As an adventurer, Frank Linderman was a trapper, a hunter, a politician, and an author. He resided in southern Montana, where the Crow Tribe was formed and lived for generations. Linderman learned their language, and devoted much of his time to listening and understanding of their way of life. He became extremely talented in the use of sign-language, so much so, that the Crows named him Sign-Talker. By the time Linderman came into the Crow's lives, there were only small percentage of their tribe left, compared to their original population size. Disease from the European settlers and malnutrition had took a great number of the Crow Native population. If that w...
... middle of paper ...
...ale dominance was respected. Overall, Linderman plays a quiet role in background as the interviewer; thus, Pretty-shield's voice and personality shines. Finally, Pretty-shield was able to freely discuss her beliefs and opinions such as the effects of colonialism and war on her tribe; the actions and behaviors of U.S. Government officials; and the gender roles and strengths of a women. In addition, Linderman also published her inferences to lesbianism. Throughout the book, Linderman rarely voiced his opinions and kept the focus on Pretty-shield, rather than on himself. In doing this, Linderman allowed her to thoroughly express herself, and he took it a step further, by publishing subjects that were socially unacceptable at the time.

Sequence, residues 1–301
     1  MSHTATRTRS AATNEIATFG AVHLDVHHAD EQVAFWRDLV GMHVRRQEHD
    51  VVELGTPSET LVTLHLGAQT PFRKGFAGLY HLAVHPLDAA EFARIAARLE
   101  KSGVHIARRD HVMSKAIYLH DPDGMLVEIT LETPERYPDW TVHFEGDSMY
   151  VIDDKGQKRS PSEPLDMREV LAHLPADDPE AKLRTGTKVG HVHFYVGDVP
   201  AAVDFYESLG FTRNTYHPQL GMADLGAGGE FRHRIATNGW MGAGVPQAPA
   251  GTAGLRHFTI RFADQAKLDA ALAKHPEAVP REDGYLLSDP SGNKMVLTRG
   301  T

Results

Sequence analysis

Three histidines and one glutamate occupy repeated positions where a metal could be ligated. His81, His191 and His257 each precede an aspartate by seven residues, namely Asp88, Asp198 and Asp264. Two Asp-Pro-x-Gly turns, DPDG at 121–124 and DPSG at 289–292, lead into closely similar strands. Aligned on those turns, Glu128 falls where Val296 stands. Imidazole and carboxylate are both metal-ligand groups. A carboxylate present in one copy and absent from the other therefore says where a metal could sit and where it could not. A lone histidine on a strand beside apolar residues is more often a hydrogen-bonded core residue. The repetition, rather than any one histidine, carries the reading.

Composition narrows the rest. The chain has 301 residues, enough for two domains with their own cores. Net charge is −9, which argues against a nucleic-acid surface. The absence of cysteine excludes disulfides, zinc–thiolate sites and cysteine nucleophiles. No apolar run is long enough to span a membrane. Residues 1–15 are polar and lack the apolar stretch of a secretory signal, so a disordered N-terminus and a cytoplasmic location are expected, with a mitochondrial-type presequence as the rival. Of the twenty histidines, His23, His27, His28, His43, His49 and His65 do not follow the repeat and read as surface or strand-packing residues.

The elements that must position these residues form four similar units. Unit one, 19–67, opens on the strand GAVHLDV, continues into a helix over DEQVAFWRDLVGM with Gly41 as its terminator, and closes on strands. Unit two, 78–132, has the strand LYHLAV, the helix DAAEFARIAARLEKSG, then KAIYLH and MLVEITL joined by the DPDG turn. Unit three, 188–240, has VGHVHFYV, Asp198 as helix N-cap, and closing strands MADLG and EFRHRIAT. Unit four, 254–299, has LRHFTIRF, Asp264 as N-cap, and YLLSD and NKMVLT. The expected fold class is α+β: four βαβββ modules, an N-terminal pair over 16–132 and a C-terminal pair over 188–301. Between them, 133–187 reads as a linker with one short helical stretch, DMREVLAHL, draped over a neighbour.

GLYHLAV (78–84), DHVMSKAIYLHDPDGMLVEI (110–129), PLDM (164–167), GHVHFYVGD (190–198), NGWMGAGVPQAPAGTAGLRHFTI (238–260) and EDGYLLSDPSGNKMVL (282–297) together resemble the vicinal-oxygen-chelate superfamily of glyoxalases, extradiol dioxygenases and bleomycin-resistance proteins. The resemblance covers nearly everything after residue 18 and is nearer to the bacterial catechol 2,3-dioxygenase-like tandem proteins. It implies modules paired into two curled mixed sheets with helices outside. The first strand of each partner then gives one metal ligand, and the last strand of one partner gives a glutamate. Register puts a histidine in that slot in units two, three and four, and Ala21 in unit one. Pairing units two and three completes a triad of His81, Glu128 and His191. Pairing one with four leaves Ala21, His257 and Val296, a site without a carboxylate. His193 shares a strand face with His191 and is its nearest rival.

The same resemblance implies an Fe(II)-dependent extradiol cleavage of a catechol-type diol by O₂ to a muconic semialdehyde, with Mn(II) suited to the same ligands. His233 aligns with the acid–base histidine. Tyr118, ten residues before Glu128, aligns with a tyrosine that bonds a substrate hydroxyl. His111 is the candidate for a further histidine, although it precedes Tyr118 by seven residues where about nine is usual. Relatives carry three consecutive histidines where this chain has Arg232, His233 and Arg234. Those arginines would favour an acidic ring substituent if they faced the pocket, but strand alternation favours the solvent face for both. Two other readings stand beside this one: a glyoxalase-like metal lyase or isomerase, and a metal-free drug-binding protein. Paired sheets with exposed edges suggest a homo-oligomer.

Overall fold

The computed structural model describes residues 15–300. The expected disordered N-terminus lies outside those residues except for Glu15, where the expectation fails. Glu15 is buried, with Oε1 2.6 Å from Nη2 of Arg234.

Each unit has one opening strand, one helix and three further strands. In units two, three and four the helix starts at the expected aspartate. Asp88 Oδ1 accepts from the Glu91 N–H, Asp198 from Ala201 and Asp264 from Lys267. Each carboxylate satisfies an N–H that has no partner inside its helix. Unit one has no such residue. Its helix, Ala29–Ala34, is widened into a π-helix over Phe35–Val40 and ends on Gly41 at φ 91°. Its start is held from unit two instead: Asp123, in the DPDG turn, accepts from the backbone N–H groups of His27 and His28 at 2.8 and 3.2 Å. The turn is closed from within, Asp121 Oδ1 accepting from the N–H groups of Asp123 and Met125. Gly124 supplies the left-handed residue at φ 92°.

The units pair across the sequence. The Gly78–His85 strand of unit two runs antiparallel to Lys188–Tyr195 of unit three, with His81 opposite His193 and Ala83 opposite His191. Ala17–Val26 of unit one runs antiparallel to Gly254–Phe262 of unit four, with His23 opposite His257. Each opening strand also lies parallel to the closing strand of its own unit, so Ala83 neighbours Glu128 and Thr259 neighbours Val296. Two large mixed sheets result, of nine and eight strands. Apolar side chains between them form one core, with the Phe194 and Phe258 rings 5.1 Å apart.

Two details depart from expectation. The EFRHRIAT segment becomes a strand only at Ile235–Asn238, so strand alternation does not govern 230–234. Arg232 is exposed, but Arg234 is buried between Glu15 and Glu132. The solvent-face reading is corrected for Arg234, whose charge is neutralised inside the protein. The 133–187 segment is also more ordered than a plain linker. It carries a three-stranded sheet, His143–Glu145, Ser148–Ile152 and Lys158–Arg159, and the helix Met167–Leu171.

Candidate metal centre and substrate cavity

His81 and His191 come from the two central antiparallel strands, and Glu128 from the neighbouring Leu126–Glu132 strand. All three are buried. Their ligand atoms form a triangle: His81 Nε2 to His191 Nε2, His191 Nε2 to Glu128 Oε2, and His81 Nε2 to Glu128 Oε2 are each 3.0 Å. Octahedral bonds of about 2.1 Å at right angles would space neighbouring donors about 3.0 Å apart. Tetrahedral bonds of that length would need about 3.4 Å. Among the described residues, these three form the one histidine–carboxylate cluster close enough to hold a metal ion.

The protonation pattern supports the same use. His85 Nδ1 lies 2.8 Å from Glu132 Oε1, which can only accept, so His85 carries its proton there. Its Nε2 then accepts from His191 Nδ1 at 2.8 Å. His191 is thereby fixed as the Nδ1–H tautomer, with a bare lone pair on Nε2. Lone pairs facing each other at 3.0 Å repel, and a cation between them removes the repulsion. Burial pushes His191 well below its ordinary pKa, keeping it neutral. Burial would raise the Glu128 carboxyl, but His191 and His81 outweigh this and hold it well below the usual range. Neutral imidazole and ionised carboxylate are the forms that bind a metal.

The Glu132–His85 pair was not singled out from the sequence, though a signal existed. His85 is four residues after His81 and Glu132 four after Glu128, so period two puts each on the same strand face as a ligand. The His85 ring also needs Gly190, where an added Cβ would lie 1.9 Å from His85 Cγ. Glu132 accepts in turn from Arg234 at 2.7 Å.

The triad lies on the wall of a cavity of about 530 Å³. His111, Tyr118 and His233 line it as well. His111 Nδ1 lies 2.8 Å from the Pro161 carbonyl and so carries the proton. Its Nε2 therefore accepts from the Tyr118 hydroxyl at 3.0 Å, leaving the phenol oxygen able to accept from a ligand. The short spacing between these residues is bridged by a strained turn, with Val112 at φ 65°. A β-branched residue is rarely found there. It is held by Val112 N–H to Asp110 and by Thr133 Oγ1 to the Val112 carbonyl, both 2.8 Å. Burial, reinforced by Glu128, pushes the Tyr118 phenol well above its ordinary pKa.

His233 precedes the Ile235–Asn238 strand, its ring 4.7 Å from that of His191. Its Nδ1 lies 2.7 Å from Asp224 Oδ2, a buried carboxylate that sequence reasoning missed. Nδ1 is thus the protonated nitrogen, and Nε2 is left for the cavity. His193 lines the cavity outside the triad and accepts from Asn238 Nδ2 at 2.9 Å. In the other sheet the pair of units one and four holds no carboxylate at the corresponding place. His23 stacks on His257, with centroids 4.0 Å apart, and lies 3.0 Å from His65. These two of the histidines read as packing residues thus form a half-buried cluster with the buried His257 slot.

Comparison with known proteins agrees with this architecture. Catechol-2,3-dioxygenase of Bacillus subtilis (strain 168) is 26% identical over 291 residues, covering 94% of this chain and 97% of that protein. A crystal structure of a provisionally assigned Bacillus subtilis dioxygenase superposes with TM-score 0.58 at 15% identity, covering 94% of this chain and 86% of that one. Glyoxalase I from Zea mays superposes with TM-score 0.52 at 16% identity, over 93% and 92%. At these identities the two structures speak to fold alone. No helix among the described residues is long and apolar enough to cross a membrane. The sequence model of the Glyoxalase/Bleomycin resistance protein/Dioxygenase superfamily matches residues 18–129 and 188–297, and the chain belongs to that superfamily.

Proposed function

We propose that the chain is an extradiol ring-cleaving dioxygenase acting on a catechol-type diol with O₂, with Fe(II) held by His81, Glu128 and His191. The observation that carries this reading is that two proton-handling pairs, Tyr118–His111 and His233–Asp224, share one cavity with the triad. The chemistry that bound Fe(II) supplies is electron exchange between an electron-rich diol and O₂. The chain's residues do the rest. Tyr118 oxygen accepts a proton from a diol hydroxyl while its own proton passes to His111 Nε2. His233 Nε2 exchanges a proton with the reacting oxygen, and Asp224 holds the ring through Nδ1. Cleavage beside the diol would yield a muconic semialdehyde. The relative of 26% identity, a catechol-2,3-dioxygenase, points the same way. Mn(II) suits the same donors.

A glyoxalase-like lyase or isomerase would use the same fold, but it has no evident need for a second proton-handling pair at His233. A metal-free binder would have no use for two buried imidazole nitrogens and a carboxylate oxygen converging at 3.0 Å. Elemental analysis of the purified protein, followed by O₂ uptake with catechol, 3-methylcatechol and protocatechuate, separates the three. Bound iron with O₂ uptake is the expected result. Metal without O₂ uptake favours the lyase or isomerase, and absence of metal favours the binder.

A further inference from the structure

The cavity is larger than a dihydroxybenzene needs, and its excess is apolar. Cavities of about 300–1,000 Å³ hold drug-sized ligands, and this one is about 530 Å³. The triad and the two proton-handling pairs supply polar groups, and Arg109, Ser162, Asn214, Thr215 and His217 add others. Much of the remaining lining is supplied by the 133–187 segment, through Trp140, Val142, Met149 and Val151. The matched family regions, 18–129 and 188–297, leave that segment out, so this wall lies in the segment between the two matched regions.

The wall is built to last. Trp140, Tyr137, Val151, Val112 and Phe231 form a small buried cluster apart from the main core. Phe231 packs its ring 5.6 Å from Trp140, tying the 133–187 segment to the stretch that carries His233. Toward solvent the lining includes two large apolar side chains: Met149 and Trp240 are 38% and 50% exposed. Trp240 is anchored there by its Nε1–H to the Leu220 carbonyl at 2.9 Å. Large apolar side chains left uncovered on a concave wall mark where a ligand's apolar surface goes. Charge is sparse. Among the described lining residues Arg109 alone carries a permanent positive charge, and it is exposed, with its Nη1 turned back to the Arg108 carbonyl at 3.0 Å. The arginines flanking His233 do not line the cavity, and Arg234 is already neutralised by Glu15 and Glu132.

Linderman, Frank Bird. Pretty-Shield, Medicine Woman Of The Crows. 1st ed. New York: John Day Co, 1972. Print.
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